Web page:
Hybrid Format: o The on-site moderator will begin the session by using an interactive poll, such as the Mentimeter App, to determine the general level of “trust” among participants about whether AI currently is being used in a responsible, human-centric manner. The on-site moderator then will wrap up the workshop by conducting a final interactive poll to determine how in-person/online participants’ trust level in business and government efforts to utilize AI in a trustworthy manner to promote economic prosperity and address societal needs has improved – or remained the same. o Using the polling App, the on-site moderator also will ask for in-person/online participant preferences for (1) top-down regulation of AI; (2) flexible regulation of AI, informed by stakeholder comments; or (3) no regulation of AI to maximize innovative potential. In the wrap up, the on-site moderator will ask participants whether their views about the extent of AI regulation have been changed, or remain the same, based on what they learned from workshop speakers. o Both the on-site moderator and the remote moderator will undergo training to ensure they both understand how to use the Zoom (or other) software to engage remote participants and communicate with each other. o The on-site moderator will pause following each question or engagement among speakers to ask for questions/comments from both in-person and remote participants. o The remote moderator will manage interventions by the remote speakers, alerting the on-site moderator of the need to recognize a remote speaker who has asked to be recognized via the “raised hand” function. o The remote moderator will watch carefully for “raised hand” questions posed in the chat or Q&A function and alert the on-site moderator or speaker, if addressed to a specific speaker.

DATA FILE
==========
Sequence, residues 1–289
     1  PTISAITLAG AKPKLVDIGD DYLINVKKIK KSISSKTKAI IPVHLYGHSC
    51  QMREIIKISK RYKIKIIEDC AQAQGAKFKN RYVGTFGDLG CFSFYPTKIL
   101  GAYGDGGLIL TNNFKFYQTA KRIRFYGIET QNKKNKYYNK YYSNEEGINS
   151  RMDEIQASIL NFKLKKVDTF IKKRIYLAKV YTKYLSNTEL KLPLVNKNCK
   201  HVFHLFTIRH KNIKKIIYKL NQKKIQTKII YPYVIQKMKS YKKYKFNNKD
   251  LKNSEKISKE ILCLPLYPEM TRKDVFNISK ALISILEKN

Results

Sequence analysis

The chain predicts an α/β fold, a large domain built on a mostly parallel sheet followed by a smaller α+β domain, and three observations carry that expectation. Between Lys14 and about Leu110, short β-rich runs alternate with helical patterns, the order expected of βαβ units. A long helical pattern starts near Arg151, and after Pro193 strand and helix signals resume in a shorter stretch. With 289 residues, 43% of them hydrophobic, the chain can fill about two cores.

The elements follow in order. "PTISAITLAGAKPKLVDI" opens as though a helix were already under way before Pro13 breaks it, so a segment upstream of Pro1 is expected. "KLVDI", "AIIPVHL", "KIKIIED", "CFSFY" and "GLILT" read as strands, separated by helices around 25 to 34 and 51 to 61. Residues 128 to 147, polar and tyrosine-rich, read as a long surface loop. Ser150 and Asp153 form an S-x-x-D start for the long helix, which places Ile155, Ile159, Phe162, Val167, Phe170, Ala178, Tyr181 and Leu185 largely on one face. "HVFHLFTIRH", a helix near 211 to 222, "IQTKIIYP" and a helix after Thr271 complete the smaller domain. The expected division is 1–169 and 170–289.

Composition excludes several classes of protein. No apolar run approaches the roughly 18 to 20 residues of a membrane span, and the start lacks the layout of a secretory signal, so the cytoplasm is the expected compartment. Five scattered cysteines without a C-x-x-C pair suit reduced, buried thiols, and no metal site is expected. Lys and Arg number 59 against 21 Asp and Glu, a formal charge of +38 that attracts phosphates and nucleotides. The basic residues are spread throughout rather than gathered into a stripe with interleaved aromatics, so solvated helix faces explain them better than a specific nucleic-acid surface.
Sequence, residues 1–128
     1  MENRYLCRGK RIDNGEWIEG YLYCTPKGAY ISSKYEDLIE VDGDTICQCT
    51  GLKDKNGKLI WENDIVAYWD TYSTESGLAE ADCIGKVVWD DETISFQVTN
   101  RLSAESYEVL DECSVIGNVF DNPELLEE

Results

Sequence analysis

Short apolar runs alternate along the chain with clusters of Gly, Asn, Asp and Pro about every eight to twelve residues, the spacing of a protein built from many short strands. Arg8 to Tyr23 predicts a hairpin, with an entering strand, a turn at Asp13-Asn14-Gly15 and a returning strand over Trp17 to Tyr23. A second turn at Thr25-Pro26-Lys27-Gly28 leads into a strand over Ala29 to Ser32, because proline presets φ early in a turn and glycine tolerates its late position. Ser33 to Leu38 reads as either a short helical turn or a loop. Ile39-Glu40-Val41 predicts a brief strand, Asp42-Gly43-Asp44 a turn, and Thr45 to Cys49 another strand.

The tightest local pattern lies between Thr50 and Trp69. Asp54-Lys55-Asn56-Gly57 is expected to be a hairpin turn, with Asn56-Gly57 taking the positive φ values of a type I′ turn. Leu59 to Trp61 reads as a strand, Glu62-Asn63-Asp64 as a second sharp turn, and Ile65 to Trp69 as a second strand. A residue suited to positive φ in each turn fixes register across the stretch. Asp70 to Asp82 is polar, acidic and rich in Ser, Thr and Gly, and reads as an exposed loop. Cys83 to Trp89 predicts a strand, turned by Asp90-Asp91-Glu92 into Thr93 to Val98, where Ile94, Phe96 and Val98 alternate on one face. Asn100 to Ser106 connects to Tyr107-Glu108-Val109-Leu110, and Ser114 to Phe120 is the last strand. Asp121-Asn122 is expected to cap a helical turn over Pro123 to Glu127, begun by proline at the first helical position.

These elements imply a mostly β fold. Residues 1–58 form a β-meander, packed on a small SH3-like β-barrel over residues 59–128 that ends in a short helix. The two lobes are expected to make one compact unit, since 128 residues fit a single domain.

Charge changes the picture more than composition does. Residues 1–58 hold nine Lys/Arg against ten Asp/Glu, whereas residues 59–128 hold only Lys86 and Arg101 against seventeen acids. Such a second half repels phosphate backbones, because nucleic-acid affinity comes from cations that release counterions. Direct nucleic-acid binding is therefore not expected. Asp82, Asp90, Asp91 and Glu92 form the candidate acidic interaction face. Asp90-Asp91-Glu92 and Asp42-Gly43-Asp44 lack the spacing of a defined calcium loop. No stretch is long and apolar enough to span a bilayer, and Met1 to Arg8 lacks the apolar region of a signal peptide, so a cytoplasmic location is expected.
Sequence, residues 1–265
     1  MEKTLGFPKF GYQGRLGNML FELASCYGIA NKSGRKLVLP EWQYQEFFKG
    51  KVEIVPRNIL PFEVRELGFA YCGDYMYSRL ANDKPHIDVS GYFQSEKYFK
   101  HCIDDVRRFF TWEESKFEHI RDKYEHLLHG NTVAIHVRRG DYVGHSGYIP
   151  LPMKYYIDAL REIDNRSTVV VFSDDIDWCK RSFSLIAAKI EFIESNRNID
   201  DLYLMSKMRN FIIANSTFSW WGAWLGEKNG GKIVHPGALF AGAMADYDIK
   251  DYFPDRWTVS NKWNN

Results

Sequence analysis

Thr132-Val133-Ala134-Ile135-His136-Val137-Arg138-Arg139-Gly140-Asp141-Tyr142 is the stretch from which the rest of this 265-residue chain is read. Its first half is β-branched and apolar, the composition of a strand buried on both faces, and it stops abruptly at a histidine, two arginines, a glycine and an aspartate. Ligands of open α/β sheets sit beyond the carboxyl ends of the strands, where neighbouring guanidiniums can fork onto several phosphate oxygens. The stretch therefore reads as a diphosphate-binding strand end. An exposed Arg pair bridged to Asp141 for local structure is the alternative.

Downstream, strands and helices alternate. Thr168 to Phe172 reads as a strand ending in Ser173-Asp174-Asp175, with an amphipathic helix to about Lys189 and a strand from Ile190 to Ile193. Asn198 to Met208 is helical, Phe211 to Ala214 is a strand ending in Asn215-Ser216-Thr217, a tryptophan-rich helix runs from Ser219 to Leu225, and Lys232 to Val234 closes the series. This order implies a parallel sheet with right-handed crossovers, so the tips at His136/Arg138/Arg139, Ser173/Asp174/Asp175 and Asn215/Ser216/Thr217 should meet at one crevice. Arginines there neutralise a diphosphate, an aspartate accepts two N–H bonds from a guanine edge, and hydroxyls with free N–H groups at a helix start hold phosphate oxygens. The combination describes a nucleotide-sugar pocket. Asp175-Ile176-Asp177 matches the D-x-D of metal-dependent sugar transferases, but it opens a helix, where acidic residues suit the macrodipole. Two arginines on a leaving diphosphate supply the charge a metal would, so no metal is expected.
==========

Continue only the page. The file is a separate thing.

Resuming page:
Online Participation

 

Usage of IGF Official Tool.

 

Key Takeaways (* deadline 2 hours after session)

- Key takeaway 1: As more and more countries are planning to introduce some type of regulation over AI, all relevant stakeholders should seize this window of opportunity for collaboration to define concepts, identify commonalities and gather evidence in order to improve the effective implementation and enforcement of future regulations before their launch.

- Key takeaway 2: Ensuring that all actors, from both technical and non-technical communities, exchange and work together transparently is critical to developing general principles flexible enough to be applied in various specific contexts and fostering trust for the AI systems of today and tomorrow.

Call to Action (* deadline 2 hours after session)

Stakeholder collaboration remains critical as the global community continues to grapple with how to tap the benefits of AI deployment while addressing the challenges caused by the rapid evolution of machine-learning. Ongoing human control remains critical with deployment of AI advancements to ensuring that "the algorithms do not get out of our control. Critical to this is is breaking down silos between engineers and policy experts.